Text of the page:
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burgc002

Anyone using "Zen of D3D Game Programming"?

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I was going to use Zen of D3D Game Programming as a reference as I try to build my lacking skills as a game programmer and was wondering if anyone here has taken this road before me. I''m sure someone has. Basically I was wondering if there are any pitfalls that I should know about, or you could just post your successes with it. Anyway, just wondering. Thanks in advance.

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I got the book, but I don''t like it much. On first glance it looks like it covers a lot of topics, but when actually reading thru, VERY little of the book deals with D3D and most of it covers 2D stuff. Not to mention that the author has some odd ways of doing things.

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Lo,

I have almost finished the book and found it an interesting
read. The section on 3D graphics has helped me a lot in building my own 3D engine, but I found the chapters on 2D & GDI graphics to long.

But after all I learned a lot from the book and I can surely
recommend it to you.

Cya!

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Coupled with the book "Beginning D3D Game Programming" (same series), these books will give you all the knowledge you''ll ever need on creating your own fully-functional, albeit basic, 3D game engine. Between the books you will learn more than enough D3D to much of you need. Those books and the fine programmers that post on this site are what got me where I am with my engine (I can fly several starships around in space, run them into each other, shoot them down, and blow them up, all with fully functional 3D sound, joystick input, and a killer collision detection library). I''m not telling you that buying one or both of these books will turn you into a master programmer; this engine took months of hard work and many brain farts (I now have an incessant nervous twitch in my right eyelid), but if you''ve got any kind of natural talent, that book will definately point you in the right direction. Hope this helps, and good luck with future endeavors.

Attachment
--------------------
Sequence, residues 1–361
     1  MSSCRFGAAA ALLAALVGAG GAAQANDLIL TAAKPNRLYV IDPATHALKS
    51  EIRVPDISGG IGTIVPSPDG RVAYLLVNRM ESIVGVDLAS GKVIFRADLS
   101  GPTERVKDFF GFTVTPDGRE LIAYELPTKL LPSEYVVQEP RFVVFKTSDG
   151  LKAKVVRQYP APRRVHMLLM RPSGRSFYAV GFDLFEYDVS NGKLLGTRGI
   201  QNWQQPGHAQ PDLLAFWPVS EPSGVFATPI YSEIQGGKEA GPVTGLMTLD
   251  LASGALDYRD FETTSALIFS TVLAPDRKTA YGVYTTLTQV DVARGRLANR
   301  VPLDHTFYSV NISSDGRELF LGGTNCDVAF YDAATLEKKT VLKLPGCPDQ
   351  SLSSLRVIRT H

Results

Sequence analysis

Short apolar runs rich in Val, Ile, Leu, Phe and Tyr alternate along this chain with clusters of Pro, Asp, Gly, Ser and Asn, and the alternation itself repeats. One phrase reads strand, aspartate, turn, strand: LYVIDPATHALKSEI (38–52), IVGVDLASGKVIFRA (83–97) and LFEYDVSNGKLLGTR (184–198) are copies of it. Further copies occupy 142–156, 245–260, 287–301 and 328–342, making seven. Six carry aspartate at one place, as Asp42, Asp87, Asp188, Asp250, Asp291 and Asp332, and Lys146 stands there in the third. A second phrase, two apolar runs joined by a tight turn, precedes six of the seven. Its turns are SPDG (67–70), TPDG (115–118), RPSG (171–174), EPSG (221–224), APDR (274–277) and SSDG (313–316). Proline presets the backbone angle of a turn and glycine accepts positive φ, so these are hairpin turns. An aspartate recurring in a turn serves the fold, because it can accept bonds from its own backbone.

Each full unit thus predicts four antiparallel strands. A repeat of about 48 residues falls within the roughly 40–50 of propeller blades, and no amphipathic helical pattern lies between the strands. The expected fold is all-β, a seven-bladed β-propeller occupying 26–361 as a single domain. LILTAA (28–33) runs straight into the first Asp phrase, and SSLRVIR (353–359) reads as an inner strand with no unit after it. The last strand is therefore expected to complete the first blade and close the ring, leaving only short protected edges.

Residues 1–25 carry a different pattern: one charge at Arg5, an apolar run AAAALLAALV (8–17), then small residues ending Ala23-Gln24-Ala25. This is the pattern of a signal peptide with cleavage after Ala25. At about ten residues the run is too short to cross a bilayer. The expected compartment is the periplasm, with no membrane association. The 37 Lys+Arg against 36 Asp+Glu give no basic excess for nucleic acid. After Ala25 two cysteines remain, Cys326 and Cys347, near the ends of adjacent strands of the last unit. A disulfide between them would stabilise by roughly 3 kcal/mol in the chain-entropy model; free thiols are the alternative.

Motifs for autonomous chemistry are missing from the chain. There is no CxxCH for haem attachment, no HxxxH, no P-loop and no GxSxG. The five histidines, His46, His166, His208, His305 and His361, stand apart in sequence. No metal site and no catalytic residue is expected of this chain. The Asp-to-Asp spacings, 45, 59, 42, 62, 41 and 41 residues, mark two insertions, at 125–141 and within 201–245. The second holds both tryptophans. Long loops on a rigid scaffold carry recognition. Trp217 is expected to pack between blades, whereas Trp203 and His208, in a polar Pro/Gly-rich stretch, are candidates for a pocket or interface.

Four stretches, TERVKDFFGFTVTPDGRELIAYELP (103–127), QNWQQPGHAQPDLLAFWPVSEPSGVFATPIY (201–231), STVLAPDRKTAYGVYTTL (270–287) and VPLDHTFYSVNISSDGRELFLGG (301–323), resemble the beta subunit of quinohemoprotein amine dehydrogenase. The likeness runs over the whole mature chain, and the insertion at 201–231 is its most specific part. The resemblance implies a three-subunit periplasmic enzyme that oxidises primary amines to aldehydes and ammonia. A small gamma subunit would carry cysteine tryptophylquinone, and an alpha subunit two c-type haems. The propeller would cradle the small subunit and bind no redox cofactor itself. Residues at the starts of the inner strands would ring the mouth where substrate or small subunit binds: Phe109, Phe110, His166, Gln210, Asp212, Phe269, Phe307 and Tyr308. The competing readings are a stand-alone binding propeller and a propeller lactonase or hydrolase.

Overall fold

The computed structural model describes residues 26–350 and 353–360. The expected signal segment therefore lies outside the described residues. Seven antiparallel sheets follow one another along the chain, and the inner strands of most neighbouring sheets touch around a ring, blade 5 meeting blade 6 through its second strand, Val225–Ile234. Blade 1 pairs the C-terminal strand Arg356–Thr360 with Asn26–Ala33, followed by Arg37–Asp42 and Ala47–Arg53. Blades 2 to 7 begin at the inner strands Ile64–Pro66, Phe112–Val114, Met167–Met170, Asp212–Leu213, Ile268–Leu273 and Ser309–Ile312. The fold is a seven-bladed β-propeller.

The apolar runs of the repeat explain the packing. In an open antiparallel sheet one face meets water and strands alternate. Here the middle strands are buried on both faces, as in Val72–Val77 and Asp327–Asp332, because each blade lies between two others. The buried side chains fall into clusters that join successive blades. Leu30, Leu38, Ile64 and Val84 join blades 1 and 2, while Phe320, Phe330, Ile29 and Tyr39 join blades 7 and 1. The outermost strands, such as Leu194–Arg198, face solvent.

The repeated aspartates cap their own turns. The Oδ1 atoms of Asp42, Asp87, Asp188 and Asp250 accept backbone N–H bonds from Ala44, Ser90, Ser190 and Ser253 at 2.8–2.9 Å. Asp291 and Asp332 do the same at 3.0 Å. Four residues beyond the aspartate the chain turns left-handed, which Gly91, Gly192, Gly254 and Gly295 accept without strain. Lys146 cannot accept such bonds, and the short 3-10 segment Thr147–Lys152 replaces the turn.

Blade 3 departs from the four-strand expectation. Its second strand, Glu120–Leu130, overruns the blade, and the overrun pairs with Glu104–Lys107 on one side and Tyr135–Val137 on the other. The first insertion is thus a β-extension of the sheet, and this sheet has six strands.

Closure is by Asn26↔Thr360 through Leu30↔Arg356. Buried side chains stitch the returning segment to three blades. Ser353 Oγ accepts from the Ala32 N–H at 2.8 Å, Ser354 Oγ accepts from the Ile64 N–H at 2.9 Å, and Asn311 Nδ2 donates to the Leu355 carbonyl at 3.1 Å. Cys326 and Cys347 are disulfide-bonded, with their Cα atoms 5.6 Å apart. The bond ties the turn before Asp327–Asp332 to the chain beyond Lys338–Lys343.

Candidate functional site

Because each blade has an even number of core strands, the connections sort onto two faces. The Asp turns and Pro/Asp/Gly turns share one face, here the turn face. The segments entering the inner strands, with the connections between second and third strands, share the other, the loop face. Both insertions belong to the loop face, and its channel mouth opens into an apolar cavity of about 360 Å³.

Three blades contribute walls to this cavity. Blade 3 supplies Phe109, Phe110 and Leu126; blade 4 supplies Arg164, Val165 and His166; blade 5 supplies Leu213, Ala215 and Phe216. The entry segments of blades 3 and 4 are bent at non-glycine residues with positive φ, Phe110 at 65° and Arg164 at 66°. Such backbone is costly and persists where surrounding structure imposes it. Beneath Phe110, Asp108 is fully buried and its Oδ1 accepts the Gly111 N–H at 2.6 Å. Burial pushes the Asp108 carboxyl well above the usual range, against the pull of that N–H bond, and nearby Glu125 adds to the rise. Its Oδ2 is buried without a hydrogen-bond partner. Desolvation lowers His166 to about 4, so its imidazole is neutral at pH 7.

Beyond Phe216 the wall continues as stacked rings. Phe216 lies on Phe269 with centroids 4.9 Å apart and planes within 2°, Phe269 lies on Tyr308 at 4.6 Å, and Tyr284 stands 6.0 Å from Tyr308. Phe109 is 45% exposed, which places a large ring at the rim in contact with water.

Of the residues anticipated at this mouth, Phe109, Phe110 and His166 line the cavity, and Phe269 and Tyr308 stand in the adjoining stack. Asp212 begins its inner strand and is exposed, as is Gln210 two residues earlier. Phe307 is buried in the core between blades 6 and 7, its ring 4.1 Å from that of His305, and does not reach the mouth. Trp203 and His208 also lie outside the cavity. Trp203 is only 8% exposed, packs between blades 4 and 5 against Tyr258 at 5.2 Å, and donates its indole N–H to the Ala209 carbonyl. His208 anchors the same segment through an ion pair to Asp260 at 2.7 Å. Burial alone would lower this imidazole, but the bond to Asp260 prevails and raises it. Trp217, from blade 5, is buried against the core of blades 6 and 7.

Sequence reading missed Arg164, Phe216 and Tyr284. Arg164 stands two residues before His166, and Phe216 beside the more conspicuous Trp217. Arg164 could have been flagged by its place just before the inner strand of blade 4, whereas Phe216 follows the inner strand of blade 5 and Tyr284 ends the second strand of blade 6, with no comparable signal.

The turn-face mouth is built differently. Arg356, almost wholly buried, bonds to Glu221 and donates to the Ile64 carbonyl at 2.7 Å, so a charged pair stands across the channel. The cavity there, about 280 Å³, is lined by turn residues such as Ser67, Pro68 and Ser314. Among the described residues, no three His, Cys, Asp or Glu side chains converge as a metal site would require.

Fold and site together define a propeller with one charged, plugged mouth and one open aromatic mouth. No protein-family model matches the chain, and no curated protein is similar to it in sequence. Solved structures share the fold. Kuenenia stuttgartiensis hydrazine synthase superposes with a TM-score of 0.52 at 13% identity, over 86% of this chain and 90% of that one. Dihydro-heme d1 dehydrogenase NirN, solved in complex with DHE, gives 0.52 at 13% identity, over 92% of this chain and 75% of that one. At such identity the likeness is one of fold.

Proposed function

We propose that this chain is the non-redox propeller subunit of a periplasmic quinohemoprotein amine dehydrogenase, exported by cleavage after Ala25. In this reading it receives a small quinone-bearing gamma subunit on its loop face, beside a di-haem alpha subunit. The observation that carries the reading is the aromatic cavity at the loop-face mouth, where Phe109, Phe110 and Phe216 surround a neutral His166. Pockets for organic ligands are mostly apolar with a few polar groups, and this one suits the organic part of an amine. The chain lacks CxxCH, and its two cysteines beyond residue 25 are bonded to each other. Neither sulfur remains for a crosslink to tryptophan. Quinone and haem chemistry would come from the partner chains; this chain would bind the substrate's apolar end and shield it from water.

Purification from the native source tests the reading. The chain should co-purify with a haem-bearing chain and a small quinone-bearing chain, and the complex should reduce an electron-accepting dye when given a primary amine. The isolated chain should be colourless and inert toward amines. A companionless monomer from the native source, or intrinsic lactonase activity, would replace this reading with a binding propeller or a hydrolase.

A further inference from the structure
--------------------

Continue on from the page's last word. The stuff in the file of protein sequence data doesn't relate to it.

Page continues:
HanSolo
Sector 13 Games

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G''day!

I''m about 300 pages in, and so far it''s almost entirely been made up of examples of how to things and then at the end he says, ''But you would never want to do it that way'' and promises to show a better way later.

A lot of time is wasted and I already have some real issues with some of the ideas presented.

The author is also very opinionated and at times it feels like reading a propaganda document. DirectX is the most wonderful thing ever created. Microsoft is either wonderful or they suck, it changes from chapter to chapter. Apple just plain sucks, this has been mentioned a number of times and I haven''t finished the book yet.

I haven''t reached any sections that actually deal with D3D yet (though it''s a book on D3D) so I can''t comment on that stuff yet.